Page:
Just Enough Unix for Bioinformatics

Just Enough Unix for Bioinformatics

This is meant to be a very quick introduction to the Unix operating system for the BIS180L bioinformatics laboratory class at UC Davis. The examples below assume you are using (L)Ubuntu Linux 14.04, other versions and distributions will probably be fine. Why does the title of this document mention Unix when the distribution is Linux? Is there a difference between Unix and Linux? Practically, no; philosophically, sort-of; politically, yes. No time to discuss. Onward.

Author, Version, and Other Front-matter

This document was authored by Ian Korf with minor modifications by Julin Maloof. It is in the Public Domain. No rights reserved. It is for entertainment purposes only, so if you hurt yourself, don’t blame us. The text was prepared in Markdown format (John Gruber) using BareBones TextWrangler. The PDF version was formatted with Marked (by Brett Terpstra) using the GitHub stylesheet. Thanks clever and kind developers for making my life easier.

Terminal, Command Line, and Shell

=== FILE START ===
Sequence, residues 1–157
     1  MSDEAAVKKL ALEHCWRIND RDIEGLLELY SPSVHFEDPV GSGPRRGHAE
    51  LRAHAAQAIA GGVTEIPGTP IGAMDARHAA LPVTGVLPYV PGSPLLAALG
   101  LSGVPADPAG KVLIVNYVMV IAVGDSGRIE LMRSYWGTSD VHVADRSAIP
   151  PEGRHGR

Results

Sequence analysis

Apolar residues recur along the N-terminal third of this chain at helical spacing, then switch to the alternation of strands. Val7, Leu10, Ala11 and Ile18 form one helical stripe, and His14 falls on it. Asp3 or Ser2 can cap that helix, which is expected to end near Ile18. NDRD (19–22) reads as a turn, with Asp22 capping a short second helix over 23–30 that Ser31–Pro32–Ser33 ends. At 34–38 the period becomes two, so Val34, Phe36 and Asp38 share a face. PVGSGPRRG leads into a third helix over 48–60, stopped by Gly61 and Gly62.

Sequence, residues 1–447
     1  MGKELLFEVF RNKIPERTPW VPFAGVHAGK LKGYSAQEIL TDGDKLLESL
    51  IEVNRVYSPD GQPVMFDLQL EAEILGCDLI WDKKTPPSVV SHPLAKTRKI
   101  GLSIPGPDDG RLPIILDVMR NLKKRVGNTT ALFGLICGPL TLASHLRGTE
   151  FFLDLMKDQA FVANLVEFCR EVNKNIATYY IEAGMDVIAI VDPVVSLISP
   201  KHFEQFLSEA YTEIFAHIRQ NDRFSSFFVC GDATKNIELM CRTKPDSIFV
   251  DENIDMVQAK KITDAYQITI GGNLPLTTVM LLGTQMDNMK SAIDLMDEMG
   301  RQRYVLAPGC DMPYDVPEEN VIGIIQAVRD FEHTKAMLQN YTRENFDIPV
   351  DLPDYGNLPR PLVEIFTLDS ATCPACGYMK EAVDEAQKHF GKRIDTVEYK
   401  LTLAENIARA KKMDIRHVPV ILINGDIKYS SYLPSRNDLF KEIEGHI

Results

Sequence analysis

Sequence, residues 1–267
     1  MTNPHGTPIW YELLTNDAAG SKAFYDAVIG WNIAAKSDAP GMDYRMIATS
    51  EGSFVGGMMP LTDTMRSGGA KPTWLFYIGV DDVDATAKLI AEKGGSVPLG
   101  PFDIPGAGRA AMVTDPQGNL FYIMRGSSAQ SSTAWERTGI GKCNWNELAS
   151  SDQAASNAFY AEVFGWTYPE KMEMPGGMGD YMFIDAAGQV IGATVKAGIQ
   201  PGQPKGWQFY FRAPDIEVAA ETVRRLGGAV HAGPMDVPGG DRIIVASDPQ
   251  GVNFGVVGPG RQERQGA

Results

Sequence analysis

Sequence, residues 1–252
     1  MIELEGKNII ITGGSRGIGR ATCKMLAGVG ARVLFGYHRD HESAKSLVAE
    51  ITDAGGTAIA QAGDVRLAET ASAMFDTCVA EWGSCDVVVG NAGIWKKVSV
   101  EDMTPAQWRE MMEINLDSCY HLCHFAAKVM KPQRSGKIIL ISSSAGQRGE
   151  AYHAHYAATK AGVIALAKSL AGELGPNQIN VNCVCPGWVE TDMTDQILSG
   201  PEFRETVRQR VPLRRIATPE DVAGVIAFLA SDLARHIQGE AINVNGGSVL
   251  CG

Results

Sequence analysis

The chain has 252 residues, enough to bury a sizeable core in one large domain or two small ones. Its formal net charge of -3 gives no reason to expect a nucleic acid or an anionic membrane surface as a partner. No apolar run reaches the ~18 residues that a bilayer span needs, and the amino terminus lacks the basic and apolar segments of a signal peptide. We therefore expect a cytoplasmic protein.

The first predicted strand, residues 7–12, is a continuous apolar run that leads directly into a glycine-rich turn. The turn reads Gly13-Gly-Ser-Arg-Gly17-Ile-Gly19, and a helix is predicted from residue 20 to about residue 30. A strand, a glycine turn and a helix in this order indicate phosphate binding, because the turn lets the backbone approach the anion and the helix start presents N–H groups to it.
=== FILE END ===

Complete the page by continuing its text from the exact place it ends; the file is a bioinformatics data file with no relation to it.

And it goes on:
Your interface to Unix will be through a shell program using the command line interface within a terminal application. There are several types of shells and terminals, but the details of these are mostly unnecessary for us. You should know that we are using the fish shell which has some nice features compared to other shells. However the most commonly used shell is bash. If you use another Linux computer probably it will be running bash by default.

The command line is where you type instructions for what you want the computer to do. Some of these statements are “do this now” while others are “let’s get ready to do this.” It may seem silly in this high-tech age to type your commands when you could simply point and click or maybe even use voice activation or gesturing. It is easier to automate typing though. So when it comes time to work with thousands of files, it will be much easier through a command line interface.